Vie’s Verses – Reflections on M3 2012 – Part Two: The Lows
As there always is with any festival the size of M3, the low points come alongside of the high points. And while they were few and far in between, there were some unfortunate lows at the 2012 M3 Music Festival.
While Friday night’s show went off without a hitch, the same cannot be said for the Saturday show. Great White was supposed to kick off at 12:10PM shortly after the opening acts of Let There Be Rock and Drum Wars. At 12:30PM I was nestled in my seat, still waiting for the band to come onstage and still wondering what was happening. By 12:50PM, Great White finally took the stage.
I do not know what caused the delay. I do not know if it was the band, the festival producers, or some other unforeseen force, but what I do know is that the late start time cost some acts their stage time. Great White was supposed to play for 45 minutes and they got reduced to 35. If that wasn’t bad enough, Stryper had to do their sound check in front of the live audience, and their set was cut to 30 minutes. They didn’t even get to perform Honestly, or Always There For You, which pissed me off. Again, I don’t know who to direct my anger at, but at the end of Stryper’s set I was extremely aggravated. They had just given a brilliant performance and they weren’t even allowed to do a final song. What the hell is up with that?
One word describes Dokken’s set—terrible. Don sounded awful, and while the fill in band members he assembled were decent, they lacked the cohesiveness of the original band. Hearing Dokken butcher his own songs was hard to sit through. In fact, Rob Rockitt decided he’d had enough about halfway through the set and left to get pictures of the next band. I muddled my way to the end, but was sorry I did. The fans in attendance seemed to love it, but between Dokken’s awful vocals, his jab at George Lynch, and his endless desire to pretend that it was 1987 again, I couldn’t stomach the set. Don, if you want to live in the past, then pull out your vinyl albums and stay at home.
I know that I am in the minority with my opinion here. I know that the fans were ecstatic to see Stephen Pearcy back in Ratt. I know that the M3 crowd went berserk when Ratt took the stage, but to me, they had absolutely no right to headline M3. I know that Cinderella was supposed to headline and had to bow out due to injury, so M3 had to put someone in that slot. However, after seeing Queensryche and Ratt, it’s obvious that Queensryche should have headlined.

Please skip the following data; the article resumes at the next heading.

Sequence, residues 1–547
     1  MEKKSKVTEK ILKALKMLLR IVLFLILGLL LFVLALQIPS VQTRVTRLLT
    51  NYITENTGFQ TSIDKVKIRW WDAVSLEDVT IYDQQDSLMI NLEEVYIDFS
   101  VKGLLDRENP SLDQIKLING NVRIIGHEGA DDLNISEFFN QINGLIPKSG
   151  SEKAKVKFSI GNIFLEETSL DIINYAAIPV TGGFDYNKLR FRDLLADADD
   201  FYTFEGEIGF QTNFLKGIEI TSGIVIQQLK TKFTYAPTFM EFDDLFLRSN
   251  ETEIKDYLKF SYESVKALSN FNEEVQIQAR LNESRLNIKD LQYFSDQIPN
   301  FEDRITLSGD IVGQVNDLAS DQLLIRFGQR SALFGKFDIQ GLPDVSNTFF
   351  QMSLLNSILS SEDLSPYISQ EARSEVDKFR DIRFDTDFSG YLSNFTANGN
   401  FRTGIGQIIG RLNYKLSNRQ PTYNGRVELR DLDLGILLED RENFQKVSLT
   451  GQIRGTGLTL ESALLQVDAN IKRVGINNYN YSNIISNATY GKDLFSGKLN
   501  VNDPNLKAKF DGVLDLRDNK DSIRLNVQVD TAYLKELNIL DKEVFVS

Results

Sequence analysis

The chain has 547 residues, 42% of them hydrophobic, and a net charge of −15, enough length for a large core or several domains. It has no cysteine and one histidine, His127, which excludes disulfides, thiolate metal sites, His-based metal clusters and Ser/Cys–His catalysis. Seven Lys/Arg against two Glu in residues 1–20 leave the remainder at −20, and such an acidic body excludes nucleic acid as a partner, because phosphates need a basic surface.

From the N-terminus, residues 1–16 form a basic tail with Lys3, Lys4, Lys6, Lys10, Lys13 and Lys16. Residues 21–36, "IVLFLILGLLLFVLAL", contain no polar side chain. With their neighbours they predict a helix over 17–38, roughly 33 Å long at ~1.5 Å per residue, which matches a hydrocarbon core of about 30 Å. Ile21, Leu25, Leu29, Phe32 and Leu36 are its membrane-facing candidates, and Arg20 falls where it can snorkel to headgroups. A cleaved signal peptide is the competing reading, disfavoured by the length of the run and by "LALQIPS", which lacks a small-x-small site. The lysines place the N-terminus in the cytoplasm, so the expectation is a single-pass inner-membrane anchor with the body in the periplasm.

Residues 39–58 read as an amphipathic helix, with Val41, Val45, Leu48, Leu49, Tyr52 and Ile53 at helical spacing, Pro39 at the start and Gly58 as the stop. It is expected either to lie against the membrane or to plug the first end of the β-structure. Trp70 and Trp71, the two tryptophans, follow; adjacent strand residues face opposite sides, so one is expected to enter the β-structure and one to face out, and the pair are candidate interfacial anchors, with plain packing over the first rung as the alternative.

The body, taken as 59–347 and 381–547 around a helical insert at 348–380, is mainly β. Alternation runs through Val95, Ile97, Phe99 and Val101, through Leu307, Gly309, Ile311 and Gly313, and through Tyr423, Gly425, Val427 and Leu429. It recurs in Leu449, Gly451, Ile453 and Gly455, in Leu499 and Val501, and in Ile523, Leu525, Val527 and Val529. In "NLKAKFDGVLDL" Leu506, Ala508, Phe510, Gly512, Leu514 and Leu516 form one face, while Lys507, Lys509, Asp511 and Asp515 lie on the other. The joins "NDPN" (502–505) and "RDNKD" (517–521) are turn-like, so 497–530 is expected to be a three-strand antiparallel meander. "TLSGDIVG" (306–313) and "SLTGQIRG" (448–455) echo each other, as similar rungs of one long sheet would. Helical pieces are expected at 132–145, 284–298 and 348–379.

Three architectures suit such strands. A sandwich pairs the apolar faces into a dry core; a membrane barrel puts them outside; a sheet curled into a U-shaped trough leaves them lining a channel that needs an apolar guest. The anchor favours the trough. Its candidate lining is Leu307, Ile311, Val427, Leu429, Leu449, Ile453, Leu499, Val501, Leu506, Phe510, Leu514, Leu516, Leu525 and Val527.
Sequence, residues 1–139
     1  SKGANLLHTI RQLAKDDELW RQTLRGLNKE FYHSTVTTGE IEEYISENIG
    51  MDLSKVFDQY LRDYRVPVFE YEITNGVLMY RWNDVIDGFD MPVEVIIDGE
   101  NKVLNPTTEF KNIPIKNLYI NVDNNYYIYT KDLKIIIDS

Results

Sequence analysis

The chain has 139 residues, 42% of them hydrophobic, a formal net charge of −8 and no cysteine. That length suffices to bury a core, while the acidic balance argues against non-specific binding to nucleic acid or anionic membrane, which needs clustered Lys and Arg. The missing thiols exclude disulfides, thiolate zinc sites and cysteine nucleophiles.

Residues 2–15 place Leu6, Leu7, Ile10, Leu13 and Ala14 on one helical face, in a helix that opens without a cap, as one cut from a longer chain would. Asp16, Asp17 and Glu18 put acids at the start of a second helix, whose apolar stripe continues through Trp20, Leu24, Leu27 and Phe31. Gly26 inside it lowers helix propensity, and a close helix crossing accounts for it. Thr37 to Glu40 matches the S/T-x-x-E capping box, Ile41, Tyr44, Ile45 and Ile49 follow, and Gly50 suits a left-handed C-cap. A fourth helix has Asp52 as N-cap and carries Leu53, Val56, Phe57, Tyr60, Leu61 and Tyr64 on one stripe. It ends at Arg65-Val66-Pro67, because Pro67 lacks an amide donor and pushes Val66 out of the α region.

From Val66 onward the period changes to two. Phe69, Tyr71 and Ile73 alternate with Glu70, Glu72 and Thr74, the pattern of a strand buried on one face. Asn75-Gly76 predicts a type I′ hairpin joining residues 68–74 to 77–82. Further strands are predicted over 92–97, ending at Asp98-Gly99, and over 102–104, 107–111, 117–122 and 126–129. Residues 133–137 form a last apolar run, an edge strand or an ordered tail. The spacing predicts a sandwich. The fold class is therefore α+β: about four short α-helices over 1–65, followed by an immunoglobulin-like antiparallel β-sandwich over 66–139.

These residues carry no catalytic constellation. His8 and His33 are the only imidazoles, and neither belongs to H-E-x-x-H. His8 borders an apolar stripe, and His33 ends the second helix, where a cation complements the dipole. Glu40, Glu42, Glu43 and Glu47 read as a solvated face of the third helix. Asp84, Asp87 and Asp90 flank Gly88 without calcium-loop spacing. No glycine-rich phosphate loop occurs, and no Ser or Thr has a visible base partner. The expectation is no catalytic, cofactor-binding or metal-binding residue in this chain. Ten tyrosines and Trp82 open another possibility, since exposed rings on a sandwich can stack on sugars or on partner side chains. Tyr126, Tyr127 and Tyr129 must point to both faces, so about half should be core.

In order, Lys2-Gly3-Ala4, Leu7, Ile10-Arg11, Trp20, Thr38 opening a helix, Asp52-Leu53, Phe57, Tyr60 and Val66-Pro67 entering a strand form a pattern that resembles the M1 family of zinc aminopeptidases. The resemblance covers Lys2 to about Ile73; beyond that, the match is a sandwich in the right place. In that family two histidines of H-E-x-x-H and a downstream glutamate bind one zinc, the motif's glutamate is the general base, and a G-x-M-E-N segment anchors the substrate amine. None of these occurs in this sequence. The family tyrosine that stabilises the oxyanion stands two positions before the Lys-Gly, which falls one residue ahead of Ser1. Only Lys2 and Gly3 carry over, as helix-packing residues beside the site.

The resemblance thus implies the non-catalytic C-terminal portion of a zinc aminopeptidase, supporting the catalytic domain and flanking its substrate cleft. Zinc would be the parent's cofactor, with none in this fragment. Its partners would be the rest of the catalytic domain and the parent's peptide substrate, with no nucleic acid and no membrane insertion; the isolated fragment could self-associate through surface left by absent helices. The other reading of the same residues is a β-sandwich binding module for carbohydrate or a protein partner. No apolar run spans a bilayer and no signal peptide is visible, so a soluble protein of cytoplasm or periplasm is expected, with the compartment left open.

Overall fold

Ratt was terrible. Yes, Juan Croucier was back for this show and Stephen Pearcy was at the helm, but it couldn’t save their abysmal performance. Look, I am a huge Ratt fan, have been since 1984, but I’m also honest. Stephen Pearcy cannot sing anymore. His vocals at M3 reminded me so much of Slaughter’s performance last year, that I was just happy when the set was over. As terrible as that sounds, it’s true.
For the first three songs, Pearcy couldn’t even be heard, because their soundboard technician was not very good at his job. Once his microphone situation was fixed, it was easy to tell that he was straining to sing. His voice has lost any power that it had, and he sounded like a cover of his former self. The guitars were way too loud and drowned out the rest of the music. Bobby Blotzer’s drums could barely be heard. Overall, their performance was disappointing at best, but to me it was just horrendous. Judging by the fans response, no one else felt this way, so maybe I was just expecting too much, or I wasn’t drunk enough, but the next time Ratt is on the road with Stephen Pearcy, count me out.
GEOFF TATE’S MICROPHONE INCIDENT
As I mentioned, Queensryche performance was brilliant. However, there was one moment during their set that I found a little disturbing. During one of their first three songs (perhaps it was I Don’t Believe In Love) Geoff Tate decided that it would be all right to throw the microphone stand.
Sometimes this is rock star cool, like when guitars get smashed. Unfortunately, in this instance, Tate decided to throw the stand as hard as he could at the photographers in the pit. What was up with that? I found it strange and even though to myself “I hope no one got hit with that.” I was also hoping it was done as a performance enhancement. Apparently, that was not the case.
I later found out that the stand did hit one of the photographers, and that there have been instances with Tate and photographers in the past. I guess some rock stars just think it’s cool to hate on photographers. It’s one thing to hate the Paparazzi, but to direct anger toward professional photographers that are there to give your band press coverage is just kind of stupid.
Don’t miss out tomorrow when I talk about all The Pleasant Surprises.
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